10 keys for protecting student data during COVID

Final decisions about health and learning should be made by humans, advocates say
By: | October 27, 2020
(GettyImages/Halfpoint Images)

Addressing trauma and discrimination are key strategies for protecting student data as the unrelenting COVID pandemic requires schools to stick with online learning, advocates said.

A coalition of education, healthcare, disability rights and civil liberties organizations is now providing some guidance as educators are adopting new technology to collect learning, attendance and health data.

A list of 10 Principles for Student Data Privacy and Equity was released Tuesday by The Future of Privacy Forum, National PTA, National Education Association, Southern Poverty Law Center, the National Association of School Psychologists, and the National Center for Learning Disabilities, among other organizations.

“The pandemic is not over, and the challenges facing K-12 schools aren’t, either,” said Amelia Vance, the Future of Privacy Forum’s director of youth and education privacy. “We have a long way to go, and the success of data and technology-driven efforts to educate students during this time depends on trust and ensuring adequate privacy and equity safeguards are in place.”

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Educators should prioritize equity and ensuring all students are protected equally during the pandemic, added said Jennifer Mathis, the deputy legal director of the Bazelon Center for Mental Health Law.

“This is an extraordinarily challenging time and it is more important than ever to ensure to guard against unfounded assumptions about students with disabilities that lead to segregation and unequal education,” Mathis says.

Here’s an overview of the 10 data privacy principles:

  1. Support inclusion: ​Schools, for example, should not require students to attend classes in-person based on race, color, disability, sexual orientation or any additional protected statuses. Schools should instead assess each student’s individualized needs in light of COVID-19.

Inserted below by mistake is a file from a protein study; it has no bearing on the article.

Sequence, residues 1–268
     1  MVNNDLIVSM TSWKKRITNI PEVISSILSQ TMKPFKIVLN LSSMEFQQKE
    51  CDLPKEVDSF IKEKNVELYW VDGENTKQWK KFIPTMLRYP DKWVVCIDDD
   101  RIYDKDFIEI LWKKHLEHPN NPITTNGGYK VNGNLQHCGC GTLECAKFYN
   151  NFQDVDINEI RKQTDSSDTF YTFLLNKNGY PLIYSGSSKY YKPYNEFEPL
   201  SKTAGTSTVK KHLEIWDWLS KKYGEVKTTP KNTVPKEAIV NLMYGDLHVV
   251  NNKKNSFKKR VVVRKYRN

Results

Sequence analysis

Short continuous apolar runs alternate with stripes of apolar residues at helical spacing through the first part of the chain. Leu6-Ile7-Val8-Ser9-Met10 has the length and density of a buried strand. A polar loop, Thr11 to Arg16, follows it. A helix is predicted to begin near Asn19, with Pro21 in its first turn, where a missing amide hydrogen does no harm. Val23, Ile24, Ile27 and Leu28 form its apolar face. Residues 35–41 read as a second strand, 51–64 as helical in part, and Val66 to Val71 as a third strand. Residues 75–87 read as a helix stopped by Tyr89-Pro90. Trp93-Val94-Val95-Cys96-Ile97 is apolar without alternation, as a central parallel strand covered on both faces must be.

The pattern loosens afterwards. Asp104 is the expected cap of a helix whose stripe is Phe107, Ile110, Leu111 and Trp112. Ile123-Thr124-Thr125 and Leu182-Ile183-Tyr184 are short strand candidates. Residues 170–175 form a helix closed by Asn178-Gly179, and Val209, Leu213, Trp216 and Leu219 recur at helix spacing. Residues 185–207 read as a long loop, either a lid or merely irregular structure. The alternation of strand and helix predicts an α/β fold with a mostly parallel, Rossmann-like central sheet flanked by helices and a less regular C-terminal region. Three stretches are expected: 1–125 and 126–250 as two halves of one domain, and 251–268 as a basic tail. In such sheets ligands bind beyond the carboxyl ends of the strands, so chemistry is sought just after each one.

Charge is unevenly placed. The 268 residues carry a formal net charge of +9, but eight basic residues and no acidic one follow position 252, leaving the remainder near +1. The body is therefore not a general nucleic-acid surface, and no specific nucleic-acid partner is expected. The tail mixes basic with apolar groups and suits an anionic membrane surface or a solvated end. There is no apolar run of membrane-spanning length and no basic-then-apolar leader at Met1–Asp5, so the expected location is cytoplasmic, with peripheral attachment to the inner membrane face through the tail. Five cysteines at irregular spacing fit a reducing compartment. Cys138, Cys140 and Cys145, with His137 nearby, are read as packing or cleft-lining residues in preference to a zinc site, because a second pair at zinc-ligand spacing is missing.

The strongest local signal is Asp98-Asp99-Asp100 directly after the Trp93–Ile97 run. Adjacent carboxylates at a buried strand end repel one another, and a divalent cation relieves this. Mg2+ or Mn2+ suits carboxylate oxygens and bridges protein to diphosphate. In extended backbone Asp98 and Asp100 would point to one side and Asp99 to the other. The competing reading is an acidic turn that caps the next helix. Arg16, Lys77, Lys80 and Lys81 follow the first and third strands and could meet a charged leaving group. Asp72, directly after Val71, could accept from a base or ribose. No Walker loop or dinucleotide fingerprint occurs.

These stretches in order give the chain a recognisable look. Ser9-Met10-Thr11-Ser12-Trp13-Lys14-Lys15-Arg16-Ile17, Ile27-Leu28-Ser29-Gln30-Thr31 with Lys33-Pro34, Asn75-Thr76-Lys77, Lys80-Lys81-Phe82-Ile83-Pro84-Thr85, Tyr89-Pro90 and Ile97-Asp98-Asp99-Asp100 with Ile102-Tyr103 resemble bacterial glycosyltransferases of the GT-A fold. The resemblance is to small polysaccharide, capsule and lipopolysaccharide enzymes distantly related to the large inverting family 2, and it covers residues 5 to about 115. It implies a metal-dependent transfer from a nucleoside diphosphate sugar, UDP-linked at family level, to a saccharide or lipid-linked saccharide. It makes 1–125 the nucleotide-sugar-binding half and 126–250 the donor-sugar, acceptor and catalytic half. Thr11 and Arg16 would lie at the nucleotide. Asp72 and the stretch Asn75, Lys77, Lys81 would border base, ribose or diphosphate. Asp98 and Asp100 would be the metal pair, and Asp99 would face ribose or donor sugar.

2. Address trauma: ​Students having difficulty reacclimating to the school environment should be provided with trauma support and not be penalized based on an assumption that they will engage in disruptive behavior. Students should be placed in the least restrictive environment and most integrated setting appropriate.
  3. Ensure technology and data use is evidence-based:​ Any technology—including video-conferencing tools, contact tracing applications and temperature scanning—should be evidence-based and deployed in consultation with experts, students, families and educators, among other stakeholders. Schools should ensure faculty and staff are using only district-approved technologies in their classes.
  4. Only collect necessary health data:​ Collection of health information of students, their families, or staff must be narrowly tailored to the information necessary to determine whether an individual has or does not have COVID-19.  Data must be collected, used, shared, and retained to the minimum extent required by law.
  5. Contextualize health symptoms:​ When screening students and staff for COVID-19 symptoms, sch0ols should consider that many other illnesses or disabilities that do not put others at risk may cause high temperatures and other symptoms. Health status inquiries can be extremely sensitive, and students or school staff should not have to disclose health information where others can overhear.
  6. Create data governance policies: This system should identify the individual or group responsible for decision-making regarding what data is collected, who has access, how the data will be used and shared, and when it will be destroyed.
  7. Limit sharing personal information: ​Any information shared with state and local public health officials should be limited to a documented public health purpose. Schools should only share de-identified or aggregated information with the broader school community and the general public about COVID-19 diagnoses or likely cases in the school community.
  8. Be transparent: Schools should develop clear, publicly available processes outlining how the data gathered by schools will be collected, used, shared, and protected. Students and families should be provided with clear, timely information about how students will be monitored and evaluated in a virtual classroom.
  9. Final decisions should be made by humans:​ Decisions should never be made solely based on results obtained from technology. Technologies used to combat COVID by, for example, analyzing symptoms or tracking location, can produce false positives. Similarly, information gleaned from virtual learning technologies—such as learning analytics indicating a student’s attentiveness or engagement—should not be the sole measure of performance or ability.
  10. Empower students and families: Students and families should have access to the information collected about them during the COVID-19 pandemic, and an opportunity to appeal individualized educational or health decisions that rely on this information.

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